There was another girl whose house I did go to, but I can’t remember what happened. I remember going in the front door, then I remember coming out, some hours later. What happened in there? I always wanted to know. I know I’ve never kissed a girl. At least I think I do. But maybe, just maybe, in that house I did. I just don’t know. Needless to say, as a constant worrier, I do wonder if some strange conspiracy is afoot and my memory has been wiped. Maybe I uncovered the lizard people. Or maybe that girl was a dude and I blanked that memory for good reason. She sorta looked like a guy. Hmm…

I’m at a weird point in my life. I’m looking back at those innocent childhood days with a subdued smile. Yeah, you might have been in the bushes with a girl or skiving by the beck with booze and cigarettes (yes, many kids do this at that young age in this country), but I was staring at clouds. Being baffled by girls. I was looking after children. And yet there’s another part of me thinking, ‘What if?’ When I saw those girls recently, it was depressing. It’s cool when you look back at a childhood sweetheart as an adult. ‘Yeah, I’m Mr. Awesome. I kissed that girl.’ But for me it’s, ‘Yeah, what a jackass I am.’ And on top of this, I’m looking to the future. I don’t have a job. I don’t know what I want, and the more I think about it, the less I know. I don’t think about the future, I live for the moment. And I’m going in to that future completely blind.

I mentioned looking after children in primary school. One time, when I was in Year 5, I was tasked with looking after a very small and very shy little boy. Adorable. Absolutely tiny and terrified of everything. He’d just started, a transfer, no friends or anybody, really. Didn’t talk much. Just like me, really. I used to play with him on breaks, take him to dinner at lunchtime, help him out, keep an eye on him, stay with him at after school club because he wanted to make friends but wanted someone there who he knew. I used to make sandcastles with him in our sandpit whilst we waited for his mother to come and pick him up. I got him talking and he started to make friends. Against all expectation, I somehow did it. I think back to all those moments he gave me a cuddle with great fondness. Anyone would’ve done it, that’s not the point. That was the last time I felt like I knew what I was doing. I think back to staring at clouds, and I really wish life was that simple again.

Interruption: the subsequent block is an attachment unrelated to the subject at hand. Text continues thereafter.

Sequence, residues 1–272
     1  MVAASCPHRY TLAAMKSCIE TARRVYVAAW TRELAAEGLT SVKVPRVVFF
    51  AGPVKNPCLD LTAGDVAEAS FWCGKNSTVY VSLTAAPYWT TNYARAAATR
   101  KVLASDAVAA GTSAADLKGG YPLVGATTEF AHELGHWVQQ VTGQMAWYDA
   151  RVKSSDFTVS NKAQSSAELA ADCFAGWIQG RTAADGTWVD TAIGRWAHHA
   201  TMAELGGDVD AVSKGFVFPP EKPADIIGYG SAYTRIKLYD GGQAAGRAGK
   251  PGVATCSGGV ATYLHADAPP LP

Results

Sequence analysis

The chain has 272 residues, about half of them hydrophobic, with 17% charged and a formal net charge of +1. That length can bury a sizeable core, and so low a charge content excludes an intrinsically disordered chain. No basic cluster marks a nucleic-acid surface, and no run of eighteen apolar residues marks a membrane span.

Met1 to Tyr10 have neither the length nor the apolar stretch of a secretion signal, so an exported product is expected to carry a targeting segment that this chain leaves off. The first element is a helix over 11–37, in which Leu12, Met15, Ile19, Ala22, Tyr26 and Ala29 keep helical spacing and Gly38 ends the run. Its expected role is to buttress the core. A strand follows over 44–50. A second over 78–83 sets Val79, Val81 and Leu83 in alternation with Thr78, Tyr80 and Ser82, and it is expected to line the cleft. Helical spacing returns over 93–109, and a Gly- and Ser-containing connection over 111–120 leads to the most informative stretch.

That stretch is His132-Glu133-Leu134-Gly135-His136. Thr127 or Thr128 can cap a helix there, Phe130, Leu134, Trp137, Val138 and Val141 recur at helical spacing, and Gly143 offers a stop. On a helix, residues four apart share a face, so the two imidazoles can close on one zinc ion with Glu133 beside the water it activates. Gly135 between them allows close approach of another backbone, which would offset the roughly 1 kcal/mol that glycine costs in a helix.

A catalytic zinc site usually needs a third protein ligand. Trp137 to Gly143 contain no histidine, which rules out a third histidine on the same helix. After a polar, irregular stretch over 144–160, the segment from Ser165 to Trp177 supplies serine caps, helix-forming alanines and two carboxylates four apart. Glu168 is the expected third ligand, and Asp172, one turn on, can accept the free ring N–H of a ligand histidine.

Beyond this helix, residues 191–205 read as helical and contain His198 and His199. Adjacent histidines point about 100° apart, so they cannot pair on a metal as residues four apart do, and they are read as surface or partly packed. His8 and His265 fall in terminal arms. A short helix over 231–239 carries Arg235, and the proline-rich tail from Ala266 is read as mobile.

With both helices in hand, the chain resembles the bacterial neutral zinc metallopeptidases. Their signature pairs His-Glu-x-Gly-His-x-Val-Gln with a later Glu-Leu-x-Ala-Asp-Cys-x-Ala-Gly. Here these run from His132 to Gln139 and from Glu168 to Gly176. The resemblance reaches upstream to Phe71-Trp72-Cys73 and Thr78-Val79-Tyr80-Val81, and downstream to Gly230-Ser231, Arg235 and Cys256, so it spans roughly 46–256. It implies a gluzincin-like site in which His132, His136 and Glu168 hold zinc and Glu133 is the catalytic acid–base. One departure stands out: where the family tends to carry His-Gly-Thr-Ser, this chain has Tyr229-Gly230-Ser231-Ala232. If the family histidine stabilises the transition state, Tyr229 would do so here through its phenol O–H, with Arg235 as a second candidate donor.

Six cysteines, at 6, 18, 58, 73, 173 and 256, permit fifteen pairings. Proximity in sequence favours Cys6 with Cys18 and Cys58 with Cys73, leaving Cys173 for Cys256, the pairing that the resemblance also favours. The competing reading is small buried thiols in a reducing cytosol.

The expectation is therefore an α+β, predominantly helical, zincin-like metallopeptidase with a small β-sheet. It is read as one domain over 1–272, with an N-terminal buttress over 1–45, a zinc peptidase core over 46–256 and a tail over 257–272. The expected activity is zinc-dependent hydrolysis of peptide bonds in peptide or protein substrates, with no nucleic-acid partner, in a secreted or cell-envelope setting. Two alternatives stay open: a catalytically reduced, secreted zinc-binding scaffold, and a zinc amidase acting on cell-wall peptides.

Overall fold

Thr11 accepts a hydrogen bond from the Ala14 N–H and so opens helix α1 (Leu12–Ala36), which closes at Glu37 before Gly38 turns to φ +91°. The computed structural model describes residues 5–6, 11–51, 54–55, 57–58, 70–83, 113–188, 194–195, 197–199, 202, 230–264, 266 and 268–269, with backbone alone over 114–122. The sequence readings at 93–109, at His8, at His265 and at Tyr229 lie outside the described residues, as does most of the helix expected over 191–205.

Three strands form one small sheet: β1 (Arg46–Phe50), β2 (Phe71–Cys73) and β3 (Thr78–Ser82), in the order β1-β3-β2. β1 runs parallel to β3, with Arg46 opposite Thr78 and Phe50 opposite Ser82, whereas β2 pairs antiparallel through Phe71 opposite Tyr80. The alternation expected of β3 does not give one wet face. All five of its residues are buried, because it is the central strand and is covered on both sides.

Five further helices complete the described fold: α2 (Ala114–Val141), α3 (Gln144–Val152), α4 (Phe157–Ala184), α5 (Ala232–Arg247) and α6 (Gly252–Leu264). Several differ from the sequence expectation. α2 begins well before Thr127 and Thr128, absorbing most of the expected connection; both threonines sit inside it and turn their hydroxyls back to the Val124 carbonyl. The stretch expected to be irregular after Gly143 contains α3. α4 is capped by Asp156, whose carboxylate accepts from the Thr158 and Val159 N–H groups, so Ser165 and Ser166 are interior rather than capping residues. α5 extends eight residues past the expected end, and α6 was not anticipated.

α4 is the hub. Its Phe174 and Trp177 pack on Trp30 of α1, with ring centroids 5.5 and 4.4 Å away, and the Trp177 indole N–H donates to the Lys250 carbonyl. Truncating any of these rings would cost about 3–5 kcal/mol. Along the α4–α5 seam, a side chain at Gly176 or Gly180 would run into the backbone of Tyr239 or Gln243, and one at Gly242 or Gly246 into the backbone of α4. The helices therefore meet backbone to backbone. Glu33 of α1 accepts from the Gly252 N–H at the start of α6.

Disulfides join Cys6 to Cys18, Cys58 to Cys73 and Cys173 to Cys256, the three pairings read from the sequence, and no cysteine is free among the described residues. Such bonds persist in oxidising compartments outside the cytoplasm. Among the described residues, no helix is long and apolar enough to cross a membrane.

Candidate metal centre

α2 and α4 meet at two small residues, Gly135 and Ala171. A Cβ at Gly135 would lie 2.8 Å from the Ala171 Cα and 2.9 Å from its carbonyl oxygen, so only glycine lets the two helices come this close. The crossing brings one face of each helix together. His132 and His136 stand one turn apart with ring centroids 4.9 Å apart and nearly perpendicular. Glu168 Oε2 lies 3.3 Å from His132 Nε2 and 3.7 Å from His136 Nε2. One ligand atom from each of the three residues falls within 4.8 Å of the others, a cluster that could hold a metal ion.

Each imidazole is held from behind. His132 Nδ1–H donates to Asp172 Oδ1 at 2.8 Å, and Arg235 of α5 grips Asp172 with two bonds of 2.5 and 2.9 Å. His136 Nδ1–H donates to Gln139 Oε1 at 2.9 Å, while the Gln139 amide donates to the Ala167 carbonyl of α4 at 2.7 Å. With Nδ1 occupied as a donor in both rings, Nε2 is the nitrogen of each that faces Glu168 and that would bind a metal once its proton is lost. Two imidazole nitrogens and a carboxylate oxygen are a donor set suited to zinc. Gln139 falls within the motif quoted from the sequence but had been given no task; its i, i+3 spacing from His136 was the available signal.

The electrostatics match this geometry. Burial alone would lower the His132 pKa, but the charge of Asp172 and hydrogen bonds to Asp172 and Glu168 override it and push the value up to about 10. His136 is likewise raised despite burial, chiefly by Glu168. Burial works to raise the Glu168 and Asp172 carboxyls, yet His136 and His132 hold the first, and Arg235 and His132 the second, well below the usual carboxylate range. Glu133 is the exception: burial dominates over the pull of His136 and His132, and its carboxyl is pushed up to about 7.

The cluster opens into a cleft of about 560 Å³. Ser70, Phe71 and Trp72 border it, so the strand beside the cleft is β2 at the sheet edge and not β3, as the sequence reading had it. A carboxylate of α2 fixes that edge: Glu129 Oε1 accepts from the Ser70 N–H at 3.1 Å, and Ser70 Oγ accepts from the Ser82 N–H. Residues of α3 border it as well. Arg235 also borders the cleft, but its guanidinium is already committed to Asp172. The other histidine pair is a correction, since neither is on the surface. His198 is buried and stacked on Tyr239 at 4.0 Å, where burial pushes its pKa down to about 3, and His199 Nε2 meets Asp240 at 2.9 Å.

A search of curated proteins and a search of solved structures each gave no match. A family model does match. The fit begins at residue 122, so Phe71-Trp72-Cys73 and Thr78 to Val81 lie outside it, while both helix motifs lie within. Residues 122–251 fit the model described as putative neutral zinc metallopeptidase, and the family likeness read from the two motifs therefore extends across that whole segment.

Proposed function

We all have regrets. We all wonder. What if I knew what those girls wanted? What happened to that little boy? I’ll never know. Why did I think I could control clouds? What happened in that girl’s house? And what will happen in the future?

When I was a kid, I never thought about growing up. I was too busy wondering why that girl wanted me to have a second dinner. Among other things. And as an adult, I’m too busy trying not to think about growing up. Because it’s terrifying. But unlike in the past, I don’t have regrets. What one piece of advice would I give my younger self?

Don’t worry. Don’t dwell on what you do. Focus on making it right. Keep moving forward. And when a girl asks you for dinner, for God’s sake accept, you twit.

I’m having a funny few weeks, readers. Just live and be happy. That’s my advice to you this week. Oh, and do watch out for lampposts…

British writer, Philip Pullman CBE, FRSL (b. 1946), once said, “You cannot change what you are, only what you do.”

Peace Out :|:


I’d love to hear your thoughts on this post. You can leave a comment and/or like this post below, or by clicking the title on the top of this post if you are on the archives page. Likes and follows greatly appreciated. Thanks.


Please feel free check out the latest posts from my other two blogs:

To Contrive & Jive
New Posts Every Monday, Wednesday and Friday
Click Here to Read the Latest Post

Hark Around the Words
New Posts Every Monday, Wednesday and Friday
Click Here to Read the Latest Post